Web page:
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VAT domestic reverse charge, a huge topic affecting so many in the construction industry. Have you come across it yet? Don’t fear, it’s not as complicated as it sounds and we’re going to cover what it is, how it works, who it applies to and how to apply it.

What is the domestic reverse charge?

To summarise, the domestic reverse charge is a VAT simplification method introduced by HMRC to reduce the amount of administration work required between contractors and their subcontractors.

It ultimately means the subcontractor may not have to charge their contractor VAT and likewise the contractor wouldn’t have to pay VAT. The subcontractor will simply raise their invoice as normal but enter it with a VAT rate that states ‘Domestic Reverse Charge 5%’ or ‘Domestic Reverse Charge 20%’ so that the contractor knows exactly how to deal with it within their books.

To recap, it’s ultimately a reduction in administration that should save time. But there is an important factor to consider when advising subcontractors. Their cashflow will now be reduced by the VAT they previously would have charged and paid in their VAT return. An important factor to consider if you are doing cashflow forecasting for your clients.

The different types of buyers

There are two different types of buyers that may be exempt from the domestic reverse charge, which are ‘End Users’ and ‘Intermediary Suppliers’.

Who are End Users?

They are the consumer of the service with no further ongoing supply. They may be VAT and construction industry scheme registered but the domestic reverse charge would not apply to them.

Who are Intermediary Suppliers?

Intermediary Suppliers are defined as VAT and construction industry scheme registered businesses that are connected or linked to end users. If Intermediary Suppliers buy construction services and re-supply them to a connected or linked end user, without making material alterations to the supplies, they’re all treated as if they’re end users, and the reverse charge would not apply.

A connection or link to an end user would be:

  • Having a relevant interest in the same land where the construction works are taking place.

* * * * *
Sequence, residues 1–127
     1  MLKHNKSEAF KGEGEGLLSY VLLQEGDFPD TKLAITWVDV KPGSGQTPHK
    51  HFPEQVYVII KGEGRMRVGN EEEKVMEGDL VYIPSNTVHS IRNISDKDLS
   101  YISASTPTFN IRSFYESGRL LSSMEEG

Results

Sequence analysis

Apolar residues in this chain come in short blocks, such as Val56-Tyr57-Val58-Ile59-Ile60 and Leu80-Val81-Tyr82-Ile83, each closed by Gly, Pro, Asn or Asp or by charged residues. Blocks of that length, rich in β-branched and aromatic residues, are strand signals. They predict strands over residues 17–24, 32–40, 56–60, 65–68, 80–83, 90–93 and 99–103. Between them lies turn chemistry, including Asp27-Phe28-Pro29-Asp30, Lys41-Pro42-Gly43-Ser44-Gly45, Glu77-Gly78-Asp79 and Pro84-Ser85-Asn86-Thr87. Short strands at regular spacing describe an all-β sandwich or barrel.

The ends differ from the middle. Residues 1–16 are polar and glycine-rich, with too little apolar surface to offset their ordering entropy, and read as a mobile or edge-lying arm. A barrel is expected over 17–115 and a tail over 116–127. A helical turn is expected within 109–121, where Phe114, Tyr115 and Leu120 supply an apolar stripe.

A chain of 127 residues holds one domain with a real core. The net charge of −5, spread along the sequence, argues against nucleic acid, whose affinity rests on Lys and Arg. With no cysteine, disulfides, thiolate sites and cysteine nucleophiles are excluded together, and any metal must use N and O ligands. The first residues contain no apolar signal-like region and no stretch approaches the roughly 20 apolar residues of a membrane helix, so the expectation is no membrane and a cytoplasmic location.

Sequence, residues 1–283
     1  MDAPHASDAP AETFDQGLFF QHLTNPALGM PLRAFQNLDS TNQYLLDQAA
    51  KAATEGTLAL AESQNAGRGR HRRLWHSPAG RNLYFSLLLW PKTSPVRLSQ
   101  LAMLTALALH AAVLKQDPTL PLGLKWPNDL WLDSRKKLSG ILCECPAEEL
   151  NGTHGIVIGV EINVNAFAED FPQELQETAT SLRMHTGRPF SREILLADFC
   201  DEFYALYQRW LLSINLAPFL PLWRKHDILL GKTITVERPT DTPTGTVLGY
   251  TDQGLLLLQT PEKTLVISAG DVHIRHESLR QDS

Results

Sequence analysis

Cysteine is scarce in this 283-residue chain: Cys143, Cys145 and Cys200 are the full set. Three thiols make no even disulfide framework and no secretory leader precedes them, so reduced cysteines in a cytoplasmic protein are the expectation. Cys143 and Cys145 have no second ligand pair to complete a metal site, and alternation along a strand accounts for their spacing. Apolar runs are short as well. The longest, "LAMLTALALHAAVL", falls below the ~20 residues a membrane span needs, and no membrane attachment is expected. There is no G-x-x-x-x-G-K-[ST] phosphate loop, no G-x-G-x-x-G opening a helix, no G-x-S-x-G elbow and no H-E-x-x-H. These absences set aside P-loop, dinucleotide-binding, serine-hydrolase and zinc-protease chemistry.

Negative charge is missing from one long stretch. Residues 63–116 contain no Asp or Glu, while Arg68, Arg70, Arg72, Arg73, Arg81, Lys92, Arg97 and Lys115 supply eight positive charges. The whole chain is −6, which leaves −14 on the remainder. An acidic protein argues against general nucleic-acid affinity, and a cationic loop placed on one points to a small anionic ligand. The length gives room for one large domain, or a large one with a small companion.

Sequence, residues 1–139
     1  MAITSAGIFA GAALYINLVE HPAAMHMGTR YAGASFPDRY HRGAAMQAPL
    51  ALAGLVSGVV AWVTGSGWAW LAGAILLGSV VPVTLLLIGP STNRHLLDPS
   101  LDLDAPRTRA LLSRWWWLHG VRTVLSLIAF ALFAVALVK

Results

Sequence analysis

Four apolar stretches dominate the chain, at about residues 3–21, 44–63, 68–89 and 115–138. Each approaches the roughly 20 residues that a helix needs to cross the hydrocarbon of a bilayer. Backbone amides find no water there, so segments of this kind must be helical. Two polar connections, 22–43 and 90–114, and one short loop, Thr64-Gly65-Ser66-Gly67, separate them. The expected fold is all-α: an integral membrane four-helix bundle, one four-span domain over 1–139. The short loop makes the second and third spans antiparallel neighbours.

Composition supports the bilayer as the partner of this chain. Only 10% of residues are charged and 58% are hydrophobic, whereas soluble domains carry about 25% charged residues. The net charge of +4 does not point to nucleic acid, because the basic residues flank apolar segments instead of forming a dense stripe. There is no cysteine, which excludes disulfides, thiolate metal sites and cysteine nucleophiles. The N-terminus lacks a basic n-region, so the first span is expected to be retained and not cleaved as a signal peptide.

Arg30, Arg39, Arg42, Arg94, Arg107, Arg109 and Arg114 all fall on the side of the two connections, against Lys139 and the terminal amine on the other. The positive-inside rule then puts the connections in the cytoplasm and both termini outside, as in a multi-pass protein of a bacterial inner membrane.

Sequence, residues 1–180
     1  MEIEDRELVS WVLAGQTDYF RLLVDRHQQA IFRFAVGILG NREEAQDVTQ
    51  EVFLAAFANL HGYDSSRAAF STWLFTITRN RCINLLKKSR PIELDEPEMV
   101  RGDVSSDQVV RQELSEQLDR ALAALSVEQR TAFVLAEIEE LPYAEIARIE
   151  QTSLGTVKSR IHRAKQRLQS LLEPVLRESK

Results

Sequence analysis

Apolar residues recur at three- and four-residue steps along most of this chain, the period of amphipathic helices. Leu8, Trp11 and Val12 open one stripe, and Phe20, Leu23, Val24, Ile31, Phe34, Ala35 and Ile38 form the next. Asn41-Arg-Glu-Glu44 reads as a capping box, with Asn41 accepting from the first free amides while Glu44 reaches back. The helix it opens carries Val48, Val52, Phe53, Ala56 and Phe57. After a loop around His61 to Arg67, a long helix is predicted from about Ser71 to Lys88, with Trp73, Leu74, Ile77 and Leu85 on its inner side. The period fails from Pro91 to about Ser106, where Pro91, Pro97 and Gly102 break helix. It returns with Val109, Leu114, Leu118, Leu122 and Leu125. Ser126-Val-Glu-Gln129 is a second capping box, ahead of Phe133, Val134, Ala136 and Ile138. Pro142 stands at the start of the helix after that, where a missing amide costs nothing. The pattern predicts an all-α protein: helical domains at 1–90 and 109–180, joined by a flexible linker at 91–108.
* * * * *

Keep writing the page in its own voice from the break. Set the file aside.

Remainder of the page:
• Being part of the same corporate group

In the event of an end user purchasing services, what does the supplier need to do?

The supplier will need to obtain written confirmation from the buyer that they are in fact an end user. This should be in writing via post, email or in a written contract.

An exemption to the rules, employment businesses supplying construction workers

Employment businesses are those that provide the services of their staff to construction businesses that use them. A member of staff is defined as; a contractually employed individual on the company’s payroll, including directors.

If the company providing the services is deemed to be an ‘employment business’, then the domestic reverse charge would not apply, and VAT should be charged as normal.

How to apply the domestic reverse charge as a buyer?

As a buyer, the business should be VAT and construction industry scheme registered. A supplier will have invoiced the company for services for which the domestic reverse charge applies. As a result, the invoice received should clearly state that the domestic reverse charge applies and the rate at which the services are VAT-able. This will be either 20% or 5%.

Here’s a really useful flow chart to determine if the reverse charge should apply:

On the VAT return submission, you’ll need to ensure your software supports the domestic reverse charge, or make sure the VAT that hasn’t been charged by your supplier correctly goes into boxes, 1 and 4 of your VAT return, as well as the net amount of the invoice into box 7.

How to apply the domestic reverse charge as a supplier?

As a supplier that is VAT and construction industry scheme registered, you’ll need to determine that your buyer of services is VAT and construction industry scheme registered and is not an end user.

You can use this flow chart to easily determine if you need to apply the domestic reverse charge:

Once you’ve determined that the domestic reverse charge does apply, you’ll need to:

  1. Raise a sales invoice and ensure your services are entered at the correct rate of 20% or 5%. In certain software packages like Nomisma, you’ll be able to select ‘DRC 5%’ or ‘DRC 20%’ which will do most of the hard work for you. The VAT charged to the buyer must be nil in relation to items the domestic reverse charge applies to.
  2. Upon raising the invoice, you’ll need to ensure a note is included that states something like: “Reverse charge applies to items marked ‘Domestic Reverse Charge’. You’ll need to account for VAT on these items to HMRC, at the VAT rate shown.”
  3. On your VAT return submission, no VAT should be included within box 1 for the services which domestic reverse charge applies to. You should include the net amount in box 6 as normal.

Some accounting software, like Nomisma, will automate every aspect for you and make raising invoices a breeze.

Bonus cashflow tip – Monthly VAT submissions

Due to the introduction of the domestic reverse charge, it will affect cashflow of those that are no longer charging VAT. So, it’s best to plan ahead for the immediate future. On each VAT return submissions, the company may be due a VAT rebate due to their continued outgoings. As a result, it may be worthwhile to switch from quarterly to monthly VAT return submissions.

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